Tuesday, November 30, 2021

Remnants of Ancient Pallavas in the Glorious Capital of the Cholas

The main reason that Tamil Nadu is known for its great temples and the marvelous architecture began when Mahendravarma Pallava built a temple carved out from the rock in Mandagapattu. Mahendravarma Pallava was also known as Vichitra-Chittan for him being a unique innovator. The kings after Mahendravarma Pallava innovated more creative ideas and built different types of temples. Temples in rock (Mamallapuram, Mandagapattu, Seeyamangalam and other cave temples), temples in sandstone (Kanchi Kailasanathar, Vaikunda Perumal Temple) etc.

Pallavas can rightly be called as the fathers of temple architecture when it comes to Tamil Nadu. But people of Tamil Nadu almost forgot this dynasty.

Cholas became powerful in the 9th Century winning over the Pallavas who were declining because of constant wars with the Chalukyas from the north and Pandiyas from the South. Before that Pallavas ruled over the large area of present day Tamil Nadu comprising the areas of present day Thanjavur, Trichy and Pudukkottai districts. We can see ancient rock-cut cave temples and other structural temples with the design elements of the Pallava style in the above mentioned areas.

Towards the end of their rule, Pallavas realized the necessity of building and strengthening a capital towards south of their headquarter Kanchi. They chose the fertile lands between the many tributaries of the Cauvery River. Nandivarman II, is credited with the construction of this southern base. This new base for Pallavas was built in and around the present villages of Kandiyur and Veerasingampettai near Thiruvaiyaru. This base of the Pallavas were known as Nandipuram, Aayirathali (Temple of 1000 Lingams). This Nandipuram finds it mention only during and after the period of Nandivarman II. Also some other Chola inscriptions of Parantaka I, Rajaraja I and Rajendra I talks about few other Chola temples that were functioning at that point of time. Such temples are now only found in the inscriptions.

The first literary mention of Thanjavur in the hymn of Thiruvizhimizhalai by Appar (7th Century) gives us the name of a temple called ‘Thanjai Thalikulathu Mahadevar’ and in the hymns of Azhwars sung praising Lord Vishnu of Thanjai Maamani Kovil. All these mentions shows us there were temples that pre-dates the Chola period temples. But today because of the ravages of time and fortunate cultural rejuvenation that happened during the period of Cholas, Nayaks and the Marathas of Thanjavur, these ancient temples reflects only the later historic fabric.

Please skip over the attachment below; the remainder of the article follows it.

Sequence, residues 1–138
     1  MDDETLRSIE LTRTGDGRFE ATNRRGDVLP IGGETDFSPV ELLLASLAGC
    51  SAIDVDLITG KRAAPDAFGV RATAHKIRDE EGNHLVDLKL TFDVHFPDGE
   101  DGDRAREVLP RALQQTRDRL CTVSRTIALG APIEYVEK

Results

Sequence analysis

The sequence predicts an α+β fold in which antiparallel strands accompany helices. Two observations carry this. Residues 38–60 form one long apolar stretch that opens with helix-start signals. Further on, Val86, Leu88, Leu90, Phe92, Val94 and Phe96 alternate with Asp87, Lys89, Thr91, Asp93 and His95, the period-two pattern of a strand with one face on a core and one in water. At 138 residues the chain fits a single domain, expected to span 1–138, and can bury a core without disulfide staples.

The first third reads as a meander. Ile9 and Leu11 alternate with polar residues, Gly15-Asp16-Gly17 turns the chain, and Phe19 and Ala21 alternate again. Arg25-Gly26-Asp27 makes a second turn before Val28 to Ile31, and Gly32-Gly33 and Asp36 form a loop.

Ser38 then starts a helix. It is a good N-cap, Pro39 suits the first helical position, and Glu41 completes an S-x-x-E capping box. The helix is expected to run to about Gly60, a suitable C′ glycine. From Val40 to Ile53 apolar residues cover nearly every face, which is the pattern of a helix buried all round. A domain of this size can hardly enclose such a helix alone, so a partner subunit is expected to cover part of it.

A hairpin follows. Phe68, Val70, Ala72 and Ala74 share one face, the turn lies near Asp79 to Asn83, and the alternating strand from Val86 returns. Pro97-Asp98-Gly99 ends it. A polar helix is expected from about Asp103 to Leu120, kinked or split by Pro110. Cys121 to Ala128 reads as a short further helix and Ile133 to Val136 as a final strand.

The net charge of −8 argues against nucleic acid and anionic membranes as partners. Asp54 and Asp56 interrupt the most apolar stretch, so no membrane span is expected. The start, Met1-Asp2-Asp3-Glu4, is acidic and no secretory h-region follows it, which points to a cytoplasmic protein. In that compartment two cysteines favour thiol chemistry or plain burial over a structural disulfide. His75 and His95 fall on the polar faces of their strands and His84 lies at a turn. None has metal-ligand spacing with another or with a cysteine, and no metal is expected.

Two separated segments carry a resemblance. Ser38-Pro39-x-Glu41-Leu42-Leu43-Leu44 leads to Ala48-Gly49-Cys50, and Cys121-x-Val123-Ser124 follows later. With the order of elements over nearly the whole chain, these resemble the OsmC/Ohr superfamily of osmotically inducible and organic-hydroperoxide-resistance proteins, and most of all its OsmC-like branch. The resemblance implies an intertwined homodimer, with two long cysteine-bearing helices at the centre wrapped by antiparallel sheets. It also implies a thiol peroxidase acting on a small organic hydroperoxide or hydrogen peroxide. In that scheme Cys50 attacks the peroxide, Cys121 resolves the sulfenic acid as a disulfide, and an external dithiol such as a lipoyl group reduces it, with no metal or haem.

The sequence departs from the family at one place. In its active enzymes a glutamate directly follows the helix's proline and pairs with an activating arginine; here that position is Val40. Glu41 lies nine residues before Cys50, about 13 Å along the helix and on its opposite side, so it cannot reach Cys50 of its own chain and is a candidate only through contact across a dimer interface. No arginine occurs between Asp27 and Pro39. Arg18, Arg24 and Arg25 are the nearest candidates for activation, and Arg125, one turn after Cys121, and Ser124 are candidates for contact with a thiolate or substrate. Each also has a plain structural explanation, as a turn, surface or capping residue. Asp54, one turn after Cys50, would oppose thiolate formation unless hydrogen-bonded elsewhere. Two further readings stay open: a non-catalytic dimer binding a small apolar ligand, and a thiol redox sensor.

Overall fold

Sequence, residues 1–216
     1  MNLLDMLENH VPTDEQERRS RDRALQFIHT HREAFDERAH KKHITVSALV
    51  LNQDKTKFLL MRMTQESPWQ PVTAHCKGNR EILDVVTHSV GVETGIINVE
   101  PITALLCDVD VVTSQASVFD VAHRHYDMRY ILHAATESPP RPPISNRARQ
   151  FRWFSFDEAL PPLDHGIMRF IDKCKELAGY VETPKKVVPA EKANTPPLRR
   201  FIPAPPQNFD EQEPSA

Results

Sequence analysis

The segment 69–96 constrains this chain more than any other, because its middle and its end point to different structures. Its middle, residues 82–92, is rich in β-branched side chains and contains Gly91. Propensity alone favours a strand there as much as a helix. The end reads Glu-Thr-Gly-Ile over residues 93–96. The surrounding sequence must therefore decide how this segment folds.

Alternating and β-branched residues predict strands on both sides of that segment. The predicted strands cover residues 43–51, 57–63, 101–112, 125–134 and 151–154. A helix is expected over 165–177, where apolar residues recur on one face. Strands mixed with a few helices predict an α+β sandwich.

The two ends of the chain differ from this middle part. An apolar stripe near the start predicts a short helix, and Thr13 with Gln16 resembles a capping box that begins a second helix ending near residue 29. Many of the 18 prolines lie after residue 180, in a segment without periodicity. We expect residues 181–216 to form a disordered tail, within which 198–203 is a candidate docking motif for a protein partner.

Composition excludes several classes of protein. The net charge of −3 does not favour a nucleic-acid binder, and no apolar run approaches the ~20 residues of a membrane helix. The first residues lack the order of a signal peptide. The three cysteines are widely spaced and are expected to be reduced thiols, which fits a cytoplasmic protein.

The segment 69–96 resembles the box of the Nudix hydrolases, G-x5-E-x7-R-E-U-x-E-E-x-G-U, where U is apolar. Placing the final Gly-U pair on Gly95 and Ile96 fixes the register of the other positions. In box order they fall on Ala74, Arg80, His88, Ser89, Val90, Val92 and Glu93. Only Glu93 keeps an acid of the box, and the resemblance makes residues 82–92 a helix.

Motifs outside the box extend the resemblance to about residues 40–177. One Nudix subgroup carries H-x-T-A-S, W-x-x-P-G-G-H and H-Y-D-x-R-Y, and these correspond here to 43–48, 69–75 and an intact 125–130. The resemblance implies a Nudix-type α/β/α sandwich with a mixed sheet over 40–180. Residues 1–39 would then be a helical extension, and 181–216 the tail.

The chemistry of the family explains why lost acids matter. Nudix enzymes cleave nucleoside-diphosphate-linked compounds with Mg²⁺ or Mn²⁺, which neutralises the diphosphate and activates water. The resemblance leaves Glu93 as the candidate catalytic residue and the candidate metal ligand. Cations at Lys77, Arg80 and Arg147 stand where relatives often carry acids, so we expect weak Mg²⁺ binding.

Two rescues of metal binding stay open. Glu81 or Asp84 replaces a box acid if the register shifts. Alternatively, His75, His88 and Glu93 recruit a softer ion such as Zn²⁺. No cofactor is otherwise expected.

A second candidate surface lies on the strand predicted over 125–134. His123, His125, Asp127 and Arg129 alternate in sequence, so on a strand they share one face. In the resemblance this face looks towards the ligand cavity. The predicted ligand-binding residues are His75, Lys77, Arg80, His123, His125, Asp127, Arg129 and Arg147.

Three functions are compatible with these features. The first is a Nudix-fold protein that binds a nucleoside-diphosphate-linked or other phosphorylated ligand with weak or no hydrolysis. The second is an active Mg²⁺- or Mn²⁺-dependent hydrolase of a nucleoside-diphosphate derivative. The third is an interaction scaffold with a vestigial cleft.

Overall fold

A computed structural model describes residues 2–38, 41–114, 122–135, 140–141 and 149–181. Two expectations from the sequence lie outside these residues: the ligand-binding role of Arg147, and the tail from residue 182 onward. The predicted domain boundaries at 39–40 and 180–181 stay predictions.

When Rajendra shifted his capital from Thanjavur to Gangaikonda Cholapuram, Thanjavur lost its prominence as an administrative center. After the decline of Cholas, Nayaks were appointed to rule Thanjavur and they brought back the charm to Thanjavur. They reconstructed many temples and also built new temples using the materials and debris from the dilapidated structures. 

Pallava Simha Pillar at the Mahamandapam of Brihadeeshwara Temple

Even though Thanjavur was celebrated by the Cholas, Nayaks and the Marathas, it still shelters the remnants of the Pallavas graciously. Temples that were reconstructed during the Nayak period carry these fragments of glorious past of Thanjavur before the Cholas made it as their capital. Even the Brihadeeshwara temple, pinnacle of Chola temple architecture shelters a Pallava Simha pillar at the Mahamandapam which was repaired and reconstructed by the Nayaks of Thanjavur.

Pallava Simha Pillar at Narasimha Perumal Temple, Palliagraharam

Thanjai Maamani Kovil is a Divyadesam, abode of lord Vishnu sanctified by the Azhwars. Three temples located back to back at the Palliagraharam on the banks of river Vennaru. The first temple in the line is of Narasimha Perumal where a Simha Pillar of Pallava period is put to inappropriate use in the temple’s well here. 

Ganesha Sculpture at Konkaneshwarar Temple

Konkaneshwarar temple in the west main street is a Nayak period temple and later renovated during the Marathas rule. This temple shelters 2 beautiful sculptures of Pallavas style. One is the sculpture of Lord Ganesha and another is of Chandikeshwara.

Chandikeshwara Sculpture at Konkaneshwara Temple

There are temples in and around Thanjavur that still bears the inscriptions of the later Pallava kings. While celebrating the grandeur of the Cholas and others, we often ignore these fragments of history of Pallavas that added more wealth in the form of temple architecture of Tamil Nadu.

Yours East Gaterr